Oromo Studies Association Annual Conference
When: August 2 – 3
Where: Howard University College of Medicine
520 W St NW, Washington, DC 20059
Background: As with the MTA, the Oromo Studies Association (OSA) is steeped in history. It is the first scholarly organization dedicated to the study of Oromo people and Oromia. Founded in 1986, OSA has been instrumental in debunking statist Ethiopian historiography. It has been said that the existence of the Ethiopian state was predicated on oppressing the Oromo through various tactics. For example, Ethiopian history was written in a way that is so demeaning of Oromo at times portraying them as migrants to the land.
OSA’s nearly 30 decades of scholarship challenges Ethiopia’s historical officialdom. Over the years, OSA pioneers and scholars have written books and journal articles highlighting not only the Oromo story but also long repressed Oromo cultural heritage. As such, it’s so fitting that the 28th annual OSA conference features three Gadaa leaders along with professor Asmarom Legesse, the foremost authority on the Gadaa system.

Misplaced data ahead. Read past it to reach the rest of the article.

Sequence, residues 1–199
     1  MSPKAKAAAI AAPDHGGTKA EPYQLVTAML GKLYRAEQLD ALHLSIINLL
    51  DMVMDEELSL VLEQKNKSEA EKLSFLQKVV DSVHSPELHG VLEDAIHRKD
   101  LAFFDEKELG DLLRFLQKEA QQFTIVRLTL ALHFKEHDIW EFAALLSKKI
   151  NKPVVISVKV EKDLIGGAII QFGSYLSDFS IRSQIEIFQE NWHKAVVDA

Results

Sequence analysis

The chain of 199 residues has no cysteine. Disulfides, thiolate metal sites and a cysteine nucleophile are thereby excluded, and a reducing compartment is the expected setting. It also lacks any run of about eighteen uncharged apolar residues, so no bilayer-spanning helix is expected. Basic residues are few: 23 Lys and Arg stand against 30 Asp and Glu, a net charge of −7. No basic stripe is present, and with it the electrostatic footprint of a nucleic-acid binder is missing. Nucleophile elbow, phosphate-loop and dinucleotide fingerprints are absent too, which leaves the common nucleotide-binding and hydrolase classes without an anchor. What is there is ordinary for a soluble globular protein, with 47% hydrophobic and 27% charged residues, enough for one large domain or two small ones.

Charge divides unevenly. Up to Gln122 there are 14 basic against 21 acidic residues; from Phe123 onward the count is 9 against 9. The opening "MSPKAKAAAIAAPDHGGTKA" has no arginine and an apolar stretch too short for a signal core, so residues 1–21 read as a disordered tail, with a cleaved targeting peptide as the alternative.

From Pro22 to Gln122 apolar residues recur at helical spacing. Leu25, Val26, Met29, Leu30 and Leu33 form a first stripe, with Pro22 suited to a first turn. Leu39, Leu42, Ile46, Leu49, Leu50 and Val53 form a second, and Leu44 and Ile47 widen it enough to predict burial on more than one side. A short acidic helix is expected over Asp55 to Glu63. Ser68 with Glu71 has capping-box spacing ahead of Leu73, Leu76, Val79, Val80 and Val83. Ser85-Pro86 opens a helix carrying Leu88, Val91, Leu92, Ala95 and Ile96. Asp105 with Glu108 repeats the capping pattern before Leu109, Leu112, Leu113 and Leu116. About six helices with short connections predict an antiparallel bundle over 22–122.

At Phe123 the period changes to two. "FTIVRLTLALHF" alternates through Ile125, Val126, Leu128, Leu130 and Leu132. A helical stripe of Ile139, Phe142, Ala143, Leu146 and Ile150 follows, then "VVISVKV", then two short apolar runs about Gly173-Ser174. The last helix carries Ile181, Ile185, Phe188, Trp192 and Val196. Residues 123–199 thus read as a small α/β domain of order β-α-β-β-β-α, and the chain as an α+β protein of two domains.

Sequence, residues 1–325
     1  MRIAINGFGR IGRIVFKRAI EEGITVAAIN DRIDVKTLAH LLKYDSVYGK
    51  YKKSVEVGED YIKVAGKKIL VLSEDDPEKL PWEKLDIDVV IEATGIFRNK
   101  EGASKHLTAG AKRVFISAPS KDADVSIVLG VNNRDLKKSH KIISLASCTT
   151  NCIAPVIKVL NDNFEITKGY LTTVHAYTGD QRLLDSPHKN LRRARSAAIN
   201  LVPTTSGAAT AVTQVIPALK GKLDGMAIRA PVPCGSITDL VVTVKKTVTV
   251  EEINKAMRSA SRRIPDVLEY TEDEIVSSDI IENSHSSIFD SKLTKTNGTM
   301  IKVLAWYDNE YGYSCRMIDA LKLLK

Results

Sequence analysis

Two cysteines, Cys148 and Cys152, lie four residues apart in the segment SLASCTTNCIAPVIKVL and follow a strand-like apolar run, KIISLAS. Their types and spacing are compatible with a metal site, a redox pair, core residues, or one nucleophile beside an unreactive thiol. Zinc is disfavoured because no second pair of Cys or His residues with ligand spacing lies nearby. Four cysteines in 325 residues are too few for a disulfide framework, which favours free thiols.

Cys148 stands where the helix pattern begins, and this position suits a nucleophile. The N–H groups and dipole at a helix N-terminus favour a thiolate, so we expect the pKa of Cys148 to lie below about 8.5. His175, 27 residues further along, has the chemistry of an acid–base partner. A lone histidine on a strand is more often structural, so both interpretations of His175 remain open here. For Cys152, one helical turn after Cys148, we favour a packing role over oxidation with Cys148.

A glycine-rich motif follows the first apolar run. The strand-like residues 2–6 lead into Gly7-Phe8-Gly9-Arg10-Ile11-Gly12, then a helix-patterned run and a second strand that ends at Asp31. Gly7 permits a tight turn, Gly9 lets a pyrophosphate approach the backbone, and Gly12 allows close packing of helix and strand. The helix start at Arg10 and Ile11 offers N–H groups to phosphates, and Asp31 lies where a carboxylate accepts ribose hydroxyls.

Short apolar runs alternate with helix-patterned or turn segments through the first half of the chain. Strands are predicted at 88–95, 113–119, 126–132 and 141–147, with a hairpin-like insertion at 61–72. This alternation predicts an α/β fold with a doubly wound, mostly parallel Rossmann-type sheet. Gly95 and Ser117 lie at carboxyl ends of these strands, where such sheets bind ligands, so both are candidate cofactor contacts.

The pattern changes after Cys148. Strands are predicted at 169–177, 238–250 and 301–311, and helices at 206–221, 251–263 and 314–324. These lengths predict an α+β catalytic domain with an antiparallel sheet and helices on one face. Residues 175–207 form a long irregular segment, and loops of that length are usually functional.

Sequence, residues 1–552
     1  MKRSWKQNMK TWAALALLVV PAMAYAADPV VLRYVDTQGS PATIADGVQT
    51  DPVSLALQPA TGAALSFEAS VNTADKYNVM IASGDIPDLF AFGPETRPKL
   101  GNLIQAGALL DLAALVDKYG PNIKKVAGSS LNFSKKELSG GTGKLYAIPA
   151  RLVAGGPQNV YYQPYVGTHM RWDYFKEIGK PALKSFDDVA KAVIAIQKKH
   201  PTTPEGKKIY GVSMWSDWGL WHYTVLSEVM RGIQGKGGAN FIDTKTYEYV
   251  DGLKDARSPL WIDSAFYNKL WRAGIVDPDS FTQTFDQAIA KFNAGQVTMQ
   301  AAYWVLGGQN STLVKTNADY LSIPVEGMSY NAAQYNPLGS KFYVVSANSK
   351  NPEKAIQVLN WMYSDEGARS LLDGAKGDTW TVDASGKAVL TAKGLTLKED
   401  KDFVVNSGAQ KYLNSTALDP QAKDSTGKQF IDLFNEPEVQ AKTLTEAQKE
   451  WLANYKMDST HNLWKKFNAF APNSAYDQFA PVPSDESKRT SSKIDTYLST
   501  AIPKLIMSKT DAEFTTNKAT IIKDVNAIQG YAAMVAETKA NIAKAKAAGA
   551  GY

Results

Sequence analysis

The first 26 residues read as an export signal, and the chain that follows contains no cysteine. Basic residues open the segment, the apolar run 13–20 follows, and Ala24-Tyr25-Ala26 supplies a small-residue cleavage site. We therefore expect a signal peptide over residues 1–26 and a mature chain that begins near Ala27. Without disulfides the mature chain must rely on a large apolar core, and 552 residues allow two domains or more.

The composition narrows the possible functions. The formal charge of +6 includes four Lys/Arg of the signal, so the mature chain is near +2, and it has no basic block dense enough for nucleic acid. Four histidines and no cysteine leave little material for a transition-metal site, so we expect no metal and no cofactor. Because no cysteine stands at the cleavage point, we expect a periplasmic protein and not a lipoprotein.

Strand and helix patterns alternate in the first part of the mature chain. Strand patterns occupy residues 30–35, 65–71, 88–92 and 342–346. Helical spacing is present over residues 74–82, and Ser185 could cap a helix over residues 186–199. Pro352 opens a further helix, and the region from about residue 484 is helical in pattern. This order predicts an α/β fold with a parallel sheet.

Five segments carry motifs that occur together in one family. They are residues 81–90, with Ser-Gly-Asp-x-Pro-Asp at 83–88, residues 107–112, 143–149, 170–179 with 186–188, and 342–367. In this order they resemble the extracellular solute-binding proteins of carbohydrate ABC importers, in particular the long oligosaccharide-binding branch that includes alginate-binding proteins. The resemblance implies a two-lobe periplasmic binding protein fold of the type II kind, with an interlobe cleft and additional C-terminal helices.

Other notable speakers at the conference include Dr. Gudata Sado Hinika, a trauma surgeon in Southern California, and author and journalist Tesfaye Gebreab. Dr. Hinika is a philanthropist whose life-saving medical mission and scholarship have already touch the lives of so many young Oromos in Oromia (read OPride’s review of his boom here: http://www.opride.com/oromsis/news/horn-of-africa/3628-healer-s-light-achieving-the-impossible)
Tesfaye Gebreab is the author of many books including the most recent “the immigrant’s notebook.” Tesfaye is a prolific Amharic novelist who earned notoriety among the Oromo after writing his masterpiece first novel: Ye Burqa Zimita. He’s one of the few contemporary non-Oromo Ethiopian writers who have managed to deviate from the accepted Ethiopianist storyline to address the Oromo question. While he is widely admired among the Oromo, there are few more controversial fiction writers in and outside of Ethiopia. (See OPride’s write-up of his chapter on “Chaltu as Helen” here: http://www.opride.com/oromsis/news/horn-of-africa/3718-chaltu-as-helen-an-everyday-story-of-oromos-traumatic-identity-change)
Details here: http://bit.ly/1pnhmDp